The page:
Hermon Minda made her animated video-essay, “Is Veganism White?,” for a WR152 course in the spring 2019 semester. “Is Veganism White?” is the digital remediation of Hermon’s research paper, “Lack of Representation in Vegan Media and its Effect on the Obesity Rates of People of Color.”  The paper may be read in conjunction with the video-essay; Hermon provides the link with her video and encourages viewers to read it.

At three minutes and 45 seconds, Hermon’s video-essay would be an ideal pedagogical tool to teach a variety of skills. For starters, students might consider genre questions. How does Hermon “translate” the traditional academic research paper and its attendant genres into digital form? What is gained, and what is lost, with each genre? The difference in titles alone is striking. For instance, Hermon’s argument about the relationship between the perceived whiteness of veganism and obesity rates–a key claim in the paper–does not figure prominently in the video. Instructors might also zero in on Hermon’s diction and tone in the voice-over and in the abstract. How do the conventions and affordances of each genre differ, and why?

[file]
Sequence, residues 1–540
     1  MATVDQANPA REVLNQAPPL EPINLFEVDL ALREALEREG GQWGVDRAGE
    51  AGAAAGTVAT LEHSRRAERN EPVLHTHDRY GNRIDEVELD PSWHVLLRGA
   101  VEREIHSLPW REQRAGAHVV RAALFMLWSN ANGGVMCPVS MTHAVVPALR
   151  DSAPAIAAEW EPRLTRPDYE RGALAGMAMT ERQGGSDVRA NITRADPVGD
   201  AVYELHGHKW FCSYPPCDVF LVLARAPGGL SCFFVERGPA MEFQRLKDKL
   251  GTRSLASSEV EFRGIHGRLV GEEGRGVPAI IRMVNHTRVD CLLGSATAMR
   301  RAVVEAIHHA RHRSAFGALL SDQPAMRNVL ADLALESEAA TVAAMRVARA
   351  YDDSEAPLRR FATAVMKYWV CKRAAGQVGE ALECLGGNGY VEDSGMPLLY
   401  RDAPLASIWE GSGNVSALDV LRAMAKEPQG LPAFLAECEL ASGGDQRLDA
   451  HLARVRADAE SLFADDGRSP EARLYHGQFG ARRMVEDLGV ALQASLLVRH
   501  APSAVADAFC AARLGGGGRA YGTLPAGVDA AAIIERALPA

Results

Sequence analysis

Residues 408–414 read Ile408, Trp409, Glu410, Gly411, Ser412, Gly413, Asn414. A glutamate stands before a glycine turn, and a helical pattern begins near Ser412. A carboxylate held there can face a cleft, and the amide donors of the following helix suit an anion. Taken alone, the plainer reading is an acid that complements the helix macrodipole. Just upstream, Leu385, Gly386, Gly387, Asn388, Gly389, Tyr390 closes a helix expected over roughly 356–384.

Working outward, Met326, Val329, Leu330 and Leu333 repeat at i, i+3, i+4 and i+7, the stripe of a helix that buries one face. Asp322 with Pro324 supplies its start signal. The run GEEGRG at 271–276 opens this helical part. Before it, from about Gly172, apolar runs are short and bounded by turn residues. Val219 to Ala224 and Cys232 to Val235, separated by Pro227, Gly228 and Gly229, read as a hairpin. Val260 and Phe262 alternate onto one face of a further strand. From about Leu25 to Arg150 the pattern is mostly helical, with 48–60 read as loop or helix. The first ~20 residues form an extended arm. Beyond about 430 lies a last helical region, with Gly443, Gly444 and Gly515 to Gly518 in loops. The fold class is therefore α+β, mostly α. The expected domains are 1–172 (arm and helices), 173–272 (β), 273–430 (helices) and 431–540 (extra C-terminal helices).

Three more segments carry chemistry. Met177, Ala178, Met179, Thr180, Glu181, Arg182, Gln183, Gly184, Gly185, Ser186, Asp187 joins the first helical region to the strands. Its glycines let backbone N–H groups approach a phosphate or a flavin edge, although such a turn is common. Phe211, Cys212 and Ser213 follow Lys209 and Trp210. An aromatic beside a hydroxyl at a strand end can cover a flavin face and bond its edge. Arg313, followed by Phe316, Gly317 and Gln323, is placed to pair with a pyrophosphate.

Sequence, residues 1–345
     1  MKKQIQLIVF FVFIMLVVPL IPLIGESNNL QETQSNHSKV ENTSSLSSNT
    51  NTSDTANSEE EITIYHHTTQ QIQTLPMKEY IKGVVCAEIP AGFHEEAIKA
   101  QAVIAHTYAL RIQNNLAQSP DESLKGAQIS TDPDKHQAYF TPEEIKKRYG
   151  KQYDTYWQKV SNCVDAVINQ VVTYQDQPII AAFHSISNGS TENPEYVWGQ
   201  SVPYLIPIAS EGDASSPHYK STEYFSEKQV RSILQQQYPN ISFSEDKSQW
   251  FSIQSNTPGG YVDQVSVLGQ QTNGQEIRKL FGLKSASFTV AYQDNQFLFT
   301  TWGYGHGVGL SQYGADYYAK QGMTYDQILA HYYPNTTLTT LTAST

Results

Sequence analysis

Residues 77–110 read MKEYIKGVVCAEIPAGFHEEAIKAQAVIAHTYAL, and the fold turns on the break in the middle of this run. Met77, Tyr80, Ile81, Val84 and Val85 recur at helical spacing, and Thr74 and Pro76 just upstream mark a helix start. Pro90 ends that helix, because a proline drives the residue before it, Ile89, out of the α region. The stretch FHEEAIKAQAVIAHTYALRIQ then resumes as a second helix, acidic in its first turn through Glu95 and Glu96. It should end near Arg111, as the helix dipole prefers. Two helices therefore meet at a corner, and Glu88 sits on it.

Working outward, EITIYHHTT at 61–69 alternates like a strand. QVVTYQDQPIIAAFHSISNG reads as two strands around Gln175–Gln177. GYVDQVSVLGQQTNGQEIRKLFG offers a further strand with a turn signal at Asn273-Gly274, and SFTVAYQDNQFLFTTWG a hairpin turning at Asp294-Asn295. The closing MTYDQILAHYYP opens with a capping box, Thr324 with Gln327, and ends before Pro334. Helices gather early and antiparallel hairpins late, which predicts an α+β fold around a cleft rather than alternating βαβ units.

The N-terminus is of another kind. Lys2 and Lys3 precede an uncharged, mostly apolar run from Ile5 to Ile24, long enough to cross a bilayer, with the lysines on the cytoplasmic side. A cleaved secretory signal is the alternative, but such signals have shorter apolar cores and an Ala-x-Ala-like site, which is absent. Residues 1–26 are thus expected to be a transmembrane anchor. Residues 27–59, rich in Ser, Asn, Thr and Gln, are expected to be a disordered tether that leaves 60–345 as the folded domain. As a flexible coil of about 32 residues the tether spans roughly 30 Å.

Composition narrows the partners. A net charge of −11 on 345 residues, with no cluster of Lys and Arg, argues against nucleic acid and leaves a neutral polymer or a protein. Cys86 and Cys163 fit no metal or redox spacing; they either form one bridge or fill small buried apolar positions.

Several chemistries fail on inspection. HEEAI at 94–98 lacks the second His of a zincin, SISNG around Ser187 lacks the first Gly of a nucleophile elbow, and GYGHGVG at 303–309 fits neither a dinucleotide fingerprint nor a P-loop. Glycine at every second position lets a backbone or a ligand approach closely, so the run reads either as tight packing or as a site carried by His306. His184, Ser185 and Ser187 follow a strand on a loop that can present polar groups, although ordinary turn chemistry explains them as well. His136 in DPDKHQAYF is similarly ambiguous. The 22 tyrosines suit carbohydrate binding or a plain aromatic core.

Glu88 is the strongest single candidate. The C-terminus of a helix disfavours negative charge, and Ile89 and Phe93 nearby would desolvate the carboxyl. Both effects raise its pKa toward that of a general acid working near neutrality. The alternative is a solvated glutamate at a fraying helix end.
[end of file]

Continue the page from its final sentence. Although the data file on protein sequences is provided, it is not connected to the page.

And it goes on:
Questions of genre can lead into questions of audience (or vice-versa). Hermon’s initiating question about veganism is, basically, a question about audience and access. Hermon’s choice of the animated video format is deliberate: she wanted to reach the same publics that she describes seeking out when she decided to become vegan. For this reason, the project also dovetails nicely with Hub focus on media and digital literacy. Finally, Hermon’s argument that media organizations, non-profits like PETA, and “influencers” constitute the meaning of veganism as a kind of political philosophy rooted in a “colorblind” universalism (on the analogy of slaves with animals, ironically) is especially persuasive in this digital form, because she slows down, and talks through each of her points with care.

WR 152: Writing, Research, & Inquiry with Digital/Multimedia Expression